UCI News

AP, Aug. 25, 2019
Some young Americans warm to socialism, even Miami Cubans
Americans who came of age during the last recession often embrace a larger government role in social policy. They cite stagnant wages, student loan debt and a decrease in employer-sponsored health insurance and pensions, according to University of California-Irvine political sociologist Edwin Amenta. … “Today’s socialism for younger people means the Canadian health system and the Swedish welfare state,” Amenta said.

Wired, Aug. 23, 2019
Why the Amazon’s vast wildfires are really bad news for the planet
And the scale of this year’s Amazonian fires also means that the rainforest is being pushed closer and closer to a “biophysical tipping point”, says Jim Randerson at the University of California, Irvine. As the forest shrinks, total rainfall decreases, potentially triggering a downward spiral of declining plant growth. “Once the rainfall declines, it will be difficult for the forests to regrow, even if we have policies in place to allow for reforestation,” he says. “Many modelling simulations suggest we [are] getting closer to this tipping point.”

Daily Pilot, Aug. 23, 2019
Toxic soil in Santa Ana? Community groups are working with UC Irvine to find out
[Enrique Valencia’s] organization, Orange County Environmental Justice, has been working with UC Irvine and other community members for the last two years to determine whether lead levels in Santa Ana soils are high enough to negatively affect residents. … The research started in 2017, when Valencia joined forces with the Santa Ana-based community group Jóvenes Cultivando Cambios and Alana LeBron, a UC Irvine assistant professor of public health and Chicano/Latino studies. [Subscription required, you can request an electronic copy of the article by sending an email to communications@uci.edu.]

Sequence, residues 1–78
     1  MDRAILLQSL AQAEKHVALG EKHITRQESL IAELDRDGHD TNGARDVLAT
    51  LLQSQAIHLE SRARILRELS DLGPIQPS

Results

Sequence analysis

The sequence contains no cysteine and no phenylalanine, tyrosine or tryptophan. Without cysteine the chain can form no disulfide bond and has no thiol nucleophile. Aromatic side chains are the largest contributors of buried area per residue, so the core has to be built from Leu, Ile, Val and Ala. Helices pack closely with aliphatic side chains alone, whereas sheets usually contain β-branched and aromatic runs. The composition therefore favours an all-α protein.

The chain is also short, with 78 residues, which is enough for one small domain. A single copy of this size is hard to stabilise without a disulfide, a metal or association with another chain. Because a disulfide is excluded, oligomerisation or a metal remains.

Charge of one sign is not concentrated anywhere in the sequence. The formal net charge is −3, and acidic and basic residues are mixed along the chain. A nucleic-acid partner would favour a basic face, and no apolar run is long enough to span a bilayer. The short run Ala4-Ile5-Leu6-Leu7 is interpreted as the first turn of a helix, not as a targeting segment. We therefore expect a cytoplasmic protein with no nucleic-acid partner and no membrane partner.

Healthline, Aug. 23, 2019
Think Prescription Stimulants Like Adderall Improve Focus? They Don’t
Researchers tested and measured what short- and long-term effects these prescription medications had on adults. They recruited 43 people, ages 18 to 35, for a study at UC Irvine’s Sleep and Cognition Lab. … Sara Mednick, PhD, the study’s co-author and UCI associate professor of cognitive sciences and director of the campus’s sleep lab [said] “If you talk to anyone in college who is taking these stimulants, the hope is they’re using them to be able to study and party longer,” Mednick said. “It may make you feel like Superman, but it’s actually not making you smarter.”

Geek.com, Aug. 26, 2019
Study: Teen Tech Time Not to Blame For Poor Mental Health
new study suggests the time teens invest on their phones does not necessarily have an adverse affect on their mental health. “It may be time for adults to stop arguing over whether smartphones and social media are good or bad for teens’ mental health and start figuring out ways to best support them in both their offline and online lives,” co-author Candice Odgers, a professor at the University of California, Irvine and Duke University, said in a statement.

Previously “In the News”